Perhaps the most beloved and endearing character Skelton created was “Freddie the Freeloader: Tramp Clown.” His ever-present five o’clock shadow, white face makeup, scuffed brown shoes and bedraggled costuming even garnered Lucille Ball as his hobo companion several times while performing.
Visitors will love pulling copies of Skelton’s signature hats off of bobble heads and appraising themselves in mirrors. A virtual makeup booth will show you how authentic you look as a clown. A 32-seat theater and several individual screens through the museum play portions of Skelton films. A detailed timeline guides sightseers through Skelton’s life from boyhood (his childhood home is located across the street from the museum) through his storied career, and parallels our country’s significant events.
A museum store will offer prints of Skelton’s paintings, make-up kits, and books on comedy. And eventually traveling exhibits will be available for rotation at libraries and other museums and venues.
The public and donors alike — including Lothian Skelton, Red’s third wife, his daughter Valentina Skelton, and Jamie Farr — will participate in the opening celebration and events. Mrs. Skelton has graciously given more than $3 million worth of Skelton’s memorabilia to the Red Skelton Museum Foundation. In 2010, the foundation entered into a partnership with the Indiana Historical Society to create the IHS Red Skelton Research Archive, which includes archival material donated by Lothian, other designated archival material from the foundation, and a growing number of items that IHS separately acquires. For more information on the archive, contact the IHS’ reference staff at (317) 234-0321 or email@example.com.
Those interested in attending the festivities, including family and seniors days, can access information at www.redskeltonmuseum.org or by calling Pratt at 812-888-2105.
Once you’ve immersed yourself in all things Skelton and laughed until you cry, you’ll remember Skelton’s oft used parting words, “So until next week, I’ll say good night and may God Bless.”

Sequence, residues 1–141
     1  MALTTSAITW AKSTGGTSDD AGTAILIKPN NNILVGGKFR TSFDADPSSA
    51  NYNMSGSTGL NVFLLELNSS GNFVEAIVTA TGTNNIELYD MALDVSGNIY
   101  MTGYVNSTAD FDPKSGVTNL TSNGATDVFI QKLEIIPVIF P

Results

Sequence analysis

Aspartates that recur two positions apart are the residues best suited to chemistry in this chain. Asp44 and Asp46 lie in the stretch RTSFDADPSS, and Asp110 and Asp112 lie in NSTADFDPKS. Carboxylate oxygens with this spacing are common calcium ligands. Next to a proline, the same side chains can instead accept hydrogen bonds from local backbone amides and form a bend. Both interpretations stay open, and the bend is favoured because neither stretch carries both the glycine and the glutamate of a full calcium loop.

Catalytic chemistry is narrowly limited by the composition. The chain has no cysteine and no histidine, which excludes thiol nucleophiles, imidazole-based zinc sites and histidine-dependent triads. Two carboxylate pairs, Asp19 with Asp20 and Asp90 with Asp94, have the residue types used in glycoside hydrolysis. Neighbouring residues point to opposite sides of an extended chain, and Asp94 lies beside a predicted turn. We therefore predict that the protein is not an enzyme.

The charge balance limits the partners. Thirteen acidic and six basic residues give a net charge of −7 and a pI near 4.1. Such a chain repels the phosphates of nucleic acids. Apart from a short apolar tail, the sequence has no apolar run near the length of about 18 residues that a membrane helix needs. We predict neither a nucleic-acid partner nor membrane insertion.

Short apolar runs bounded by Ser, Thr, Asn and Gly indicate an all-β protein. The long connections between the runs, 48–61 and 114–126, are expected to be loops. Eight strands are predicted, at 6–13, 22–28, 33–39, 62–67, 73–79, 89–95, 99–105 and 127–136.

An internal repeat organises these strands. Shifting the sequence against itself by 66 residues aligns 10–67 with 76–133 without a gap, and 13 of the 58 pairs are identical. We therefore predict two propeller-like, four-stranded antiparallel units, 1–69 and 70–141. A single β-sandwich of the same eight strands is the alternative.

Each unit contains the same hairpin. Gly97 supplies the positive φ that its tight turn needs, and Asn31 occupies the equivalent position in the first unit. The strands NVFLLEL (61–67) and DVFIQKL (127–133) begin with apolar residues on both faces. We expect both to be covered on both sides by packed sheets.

Red Skelton with Museum of American Comedy
“I personally believe that each of us was put here for a purpose. If I can make people smile, then I have served my purpose.” — Red Skelton
- Valley Life
Effort under way to restore Civil War monument to original grandeur; ‘Soldier of the West’ unique in state of Indiana
“How sleep the brave, who sink to rest with all their country’s wishes blest.”
A lone soldier sits atop Forest Hill Cemetery in Greencastle. He is seated with his foot on a cannon of long ago, looking westward, perhaps toward the future he fought for. “He” is a stone memorial, rising nearly 30 feet in the historic cemetery. He represents all the men, young and old, from Putnam County who fought and died in the Civil War, and he is aptly titled “Soldier of the West.”
Wedding listings: Dec. 8, 2013
GRAPE SENSE: Riedel has been creating grape-specific glasses for nearly 50 years
Anyone serious about wine has probably learned the size of the glass can have an impact on the taste of the wine. You’ve probably seen all those different size and shaped Riedel crystal wine glasses in shops or advertisements and thought it was all silly.
Tried n True: Tea party cookies, lemon and orange
When you get done with these cookies, you will have two different flavors. Our grandkids loved to make the balls and roll them in powered sugar. I can’t remember when I first got this recipe, but it has to have been at least 40 years ago.
Francis Rowe celebrates 95th Dec. 14
Francis “Rowdy” Rowe will celebrate his 95th birthday on Dec. 14, 2013.
Anniversary listings: Dec. 8, 2013
Mr. and Mrs. Donald R. Bowden
Mr. and Mrs. David Hunter
Walk of a Lifetime: Writer discovers views fit for a painting while walking the cliffs of Prout’s Neck, home to famous artist Winslow Homer’s seaside studio
Editor’s Note: Today, we continue the New England Journal as Mike Lunsford writes of a day walking the Maine seacoast in search of the great artist, Winslow Homer. Join Mike in January for the fifth installment of this series as he visits Edna St. Vincent Millay’s rural New York farm, Steepletop.
YOUR GREEN VALLEY: Sustainability hubs will leave the world a better place
There is something powerful that happens when people ban together for greater good. In many cities throughout the United States there are sustainability hubs. While each one is uniquely different, they all have the common theme of leaving the world better than when they entered into it.
TRIED ’N’ TRUE: You can’t tell there’s Velveeta in this fudge
At Christmastime we make sweets, candy, cookies, etc. When we were in State Soil and Water, we would bring cookies and candy for the last night at the meetings. A friend of mine, Marie Bunting, brought this fudge recipe and samples.
Anniversary listings: Dec. 1, 2013
Mr. and Mrs. Jeffrey Copeland
Mr. and Mrs. John Hemminghouse
Engagement listing: Dec. 1, 2013
Wedding listing: Dec. 1, 2013
Heightened Sense of Place: Educators’ efforts helped put geography back on map in schools